Bill, collecting the weapons, went off to cache them and then peered over the mesa’s edge to look into the draw. A leaden splotch appeared on the rock almost under his nose and launched a crescendo scream into the sky to whine into silence. He ducked and leaped back, grinning foolishly as he realized Buck’s error. Turning to approach the edge from another point he felt his sombrero jerk at his head as another bullet, screaming plaintively, followed the first. He dropped like a shot, and commented caustically upon his paucity of brains as he gravely examined the hole in his head gear. “Huh!” he grunted. “I had a fool’s luck three times in twentyminutes—d—d if I’m goin’ to risk th’ next turn. Three of ’em,” he repeated. "I’m a Injun from now on. An’ that foreman shore can shoot!”
He wriggled to the edge and called out, careful not to let any of his anatomy show above the sky-line. “Hey, Buck! I ain’t no d—d hunter! This is Cassidy, who you wanted to punch for you. Savvy?” He listened, and grinned at the eloquent silence. "You talk too rapid,” he laughed. Repeating his statements he listened again, with the same success. “Now I wonder is he stalkin’ me? Hey, Buck!” he shouted.
“Stick yore hands up an’ foller ’em with yore face,” said Buck’s voice from below. Bill raised his arms and slowly stood up. "Now what’n h—l do you want?” demanded the foreman, belligerently.
“Nothin’. Just got them hunters, one of ’em alive. I reckoned mebby you’d sorta like to know it.” He paused, cogitating. "Reckon we better turn him loose when we gets back to th’ hut,” he suggested. “I’ll keep his guns,” he added, grinning.
The foreman stuck his head out in sight. "Well, I’m d—d!” he exclaimed, and sank weakly back against the boulder. "Can you gimme a hand?” he muttered.
The words did not carry to the youth on the skyline, but he saw, understood, and, slipping and bumping down the steep wall with more speed than sense, dashed across the draw and up the other side. He nodded sagely as he examined the wound and bound it carefully with the sleeve of his own shirt. "’Tain’t much—loss of blood, mostly. Yo’re better off than Travis.”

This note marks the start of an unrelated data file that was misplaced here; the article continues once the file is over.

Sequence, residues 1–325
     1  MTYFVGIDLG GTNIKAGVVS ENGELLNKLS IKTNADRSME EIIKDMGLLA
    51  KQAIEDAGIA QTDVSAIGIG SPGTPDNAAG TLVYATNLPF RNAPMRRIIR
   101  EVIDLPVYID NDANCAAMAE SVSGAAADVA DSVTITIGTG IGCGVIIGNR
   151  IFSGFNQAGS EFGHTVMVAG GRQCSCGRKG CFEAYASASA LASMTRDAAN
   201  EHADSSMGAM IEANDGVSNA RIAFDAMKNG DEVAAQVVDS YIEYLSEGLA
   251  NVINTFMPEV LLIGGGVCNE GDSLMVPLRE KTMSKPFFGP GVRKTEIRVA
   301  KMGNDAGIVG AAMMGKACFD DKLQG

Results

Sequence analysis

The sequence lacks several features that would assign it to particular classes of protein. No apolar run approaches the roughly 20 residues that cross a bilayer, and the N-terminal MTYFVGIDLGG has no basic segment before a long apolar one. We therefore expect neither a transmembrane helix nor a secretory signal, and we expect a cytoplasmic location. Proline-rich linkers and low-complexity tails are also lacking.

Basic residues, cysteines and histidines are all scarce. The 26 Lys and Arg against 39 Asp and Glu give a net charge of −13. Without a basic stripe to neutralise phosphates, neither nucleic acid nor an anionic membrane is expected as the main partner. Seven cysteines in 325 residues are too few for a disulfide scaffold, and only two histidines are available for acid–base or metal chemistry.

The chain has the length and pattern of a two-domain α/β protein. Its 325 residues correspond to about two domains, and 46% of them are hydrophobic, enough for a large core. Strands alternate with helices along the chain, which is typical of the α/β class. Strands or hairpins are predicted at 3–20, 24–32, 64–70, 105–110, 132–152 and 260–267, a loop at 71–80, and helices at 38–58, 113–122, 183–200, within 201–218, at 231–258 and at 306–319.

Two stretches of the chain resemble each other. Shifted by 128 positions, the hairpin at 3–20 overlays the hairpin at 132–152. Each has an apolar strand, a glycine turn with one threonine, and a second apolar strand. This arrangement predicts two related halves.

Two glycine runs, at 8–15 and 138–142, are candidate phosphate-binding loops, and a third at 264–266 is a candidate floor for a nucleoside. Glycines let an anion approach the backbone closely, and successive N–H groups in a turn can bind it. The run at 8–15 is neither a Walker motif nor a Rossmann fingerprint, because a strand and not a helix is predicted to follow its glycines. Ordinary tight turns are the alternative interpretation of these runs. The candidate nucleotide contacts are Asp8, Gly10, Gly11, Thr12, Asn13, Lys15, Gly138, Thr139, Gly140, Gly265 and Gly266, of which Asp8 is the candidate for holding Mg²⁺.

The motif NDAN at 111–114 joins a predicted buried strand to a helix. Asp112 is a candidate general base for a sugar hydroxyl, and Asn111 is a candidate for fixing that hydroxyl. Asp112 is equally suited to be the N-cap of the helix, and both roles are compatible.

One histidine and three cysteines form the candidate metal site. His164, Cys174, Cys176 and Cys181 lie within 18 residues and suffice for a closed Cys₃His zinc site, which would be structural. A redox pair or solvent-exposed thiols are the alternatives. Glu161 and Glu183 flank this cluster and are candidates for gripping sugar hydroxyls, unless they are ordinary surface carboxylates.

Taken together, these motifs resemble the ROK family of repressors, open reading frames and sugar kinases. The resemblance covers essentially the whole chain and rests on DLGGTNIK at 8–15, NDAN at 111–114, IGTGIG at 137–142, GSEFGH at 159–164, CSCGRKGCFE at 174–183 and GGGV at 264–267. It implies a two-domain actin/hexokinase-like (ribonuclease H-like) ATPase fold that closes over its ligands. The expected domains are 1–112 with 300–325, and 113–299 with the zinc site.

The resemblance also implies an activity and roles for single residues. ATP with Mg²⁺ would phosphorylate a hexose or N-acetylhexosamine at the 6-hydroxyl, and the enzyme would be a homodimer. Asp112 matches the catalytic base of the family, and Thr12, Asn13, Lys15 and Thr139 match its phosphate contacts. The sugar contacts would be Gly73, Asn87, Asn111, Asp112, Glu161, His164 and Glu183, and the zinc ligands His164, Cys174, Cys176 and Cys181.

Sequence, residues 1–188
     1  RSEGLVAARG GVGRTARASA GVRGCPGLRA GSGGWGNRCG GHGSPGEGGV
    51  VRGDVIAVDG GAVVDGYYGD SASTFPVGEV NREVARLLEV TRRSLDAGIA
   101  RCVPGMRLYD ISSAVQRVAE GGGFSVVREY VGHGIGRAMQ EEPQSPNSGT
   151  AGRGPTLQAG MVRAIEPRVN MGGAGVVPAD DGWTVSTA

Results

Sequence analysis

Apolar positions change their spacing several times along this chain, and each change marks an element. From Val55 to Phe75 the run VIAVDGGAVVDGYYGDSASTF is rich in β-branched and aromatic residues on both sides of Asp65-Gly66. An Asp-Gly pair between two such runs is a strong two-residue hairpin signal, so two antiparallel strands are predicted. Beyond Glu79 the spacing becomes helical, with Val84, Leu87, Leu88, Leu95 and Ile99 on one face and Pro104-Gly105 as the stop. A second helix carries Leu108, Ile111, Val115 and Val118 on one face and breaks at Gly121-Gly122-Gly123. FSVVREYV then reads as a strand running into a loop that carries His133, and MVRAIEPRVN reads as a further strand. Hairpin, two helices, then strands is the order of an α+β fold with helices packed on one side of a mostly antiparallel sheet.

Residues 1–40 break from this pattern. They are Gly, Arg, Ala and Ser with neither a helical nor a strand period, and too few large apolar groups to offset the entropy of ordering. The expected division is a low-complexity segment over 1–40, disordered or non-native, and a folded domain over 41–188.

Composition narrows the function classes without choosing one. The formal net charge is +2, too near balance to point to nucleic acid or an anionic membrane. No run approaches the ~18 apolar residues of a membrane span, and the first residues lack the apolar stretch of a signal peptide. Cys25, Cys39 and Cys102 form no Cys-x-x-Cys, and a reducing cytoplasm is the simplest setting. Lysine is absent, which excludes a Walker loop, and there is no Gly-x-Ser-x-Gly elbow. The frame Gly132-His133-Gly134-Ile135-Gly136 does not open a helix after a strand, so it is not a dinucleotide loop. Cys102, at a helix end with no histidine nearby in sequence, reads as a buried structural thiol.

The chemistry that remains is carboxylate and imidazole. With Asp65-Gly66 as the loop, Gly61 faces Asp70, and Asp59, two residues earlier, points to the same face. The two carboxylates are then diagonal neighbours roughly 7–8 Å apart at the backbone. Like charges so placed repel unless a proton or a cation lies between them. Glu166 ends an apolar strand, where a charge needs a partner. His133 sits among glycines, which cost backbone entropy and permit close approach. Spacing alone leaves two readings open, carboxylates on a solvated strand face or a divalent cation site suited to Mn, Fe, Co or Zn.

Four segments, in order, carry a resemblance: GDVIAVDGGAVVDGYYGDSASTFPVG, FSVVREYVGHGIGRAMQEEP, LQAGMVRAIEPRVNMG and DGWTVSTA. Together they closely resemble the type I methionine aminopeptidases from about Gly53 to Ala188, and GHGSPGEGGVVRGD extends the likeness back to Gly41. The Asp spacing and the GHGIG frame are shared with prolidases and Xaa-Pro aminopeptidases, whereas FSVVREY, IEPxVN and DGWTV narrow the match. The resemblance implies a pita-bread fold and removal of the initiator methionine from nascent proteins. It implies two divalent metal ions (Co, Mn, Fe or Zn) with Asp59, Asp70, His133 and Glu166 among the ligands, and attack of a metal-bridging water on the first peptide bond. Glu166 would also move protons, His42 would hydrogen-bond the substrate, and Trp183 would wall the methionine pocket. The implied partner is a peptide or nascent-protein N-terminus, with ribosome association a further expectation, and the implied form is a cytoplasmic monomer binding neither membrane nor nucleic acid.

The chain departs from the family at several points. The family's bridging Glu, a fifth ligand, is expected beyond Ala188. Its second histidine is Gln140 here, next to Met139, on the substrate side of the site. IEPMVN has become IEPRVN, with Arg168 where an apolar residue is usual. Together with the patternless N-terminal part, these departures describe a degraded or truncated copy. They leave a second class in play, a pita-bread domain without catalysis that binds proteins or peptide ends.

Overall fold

"Travis dead?” whispered Buck. "In th’ back! Pore feller, pore feller; didn’t have no show. Tell me about it.” At the end of the story he nodded. "Yo’re all right, Cassidy; yo’re a white man. He’d ’a’ stood a good chance of gettin’ me, ’cept for you.” A frown clouded his face and he looked weakly about him as if for an answer to the question that bothered him. "Now what am I goin’ to do up here with all these cows?” he muttered.
Bill rolled the wounded man a cigarette and lit it for him, after which he fell to tossing pebbles at a rock further down the hill.
"I reckon it will be sorta tough,” he replied, slowly. "But I sorta reckoned me an’ you, an’ that other feller, can make a big ranch out of yore little one. Anyhow, I’ll bet we can have a mighty big time tryin’. A mighty fine time. What you think?”
Buck smiled weakly and shoved out his hand with a visible effort. "We can! Shake, Bill!” he said, contentedly.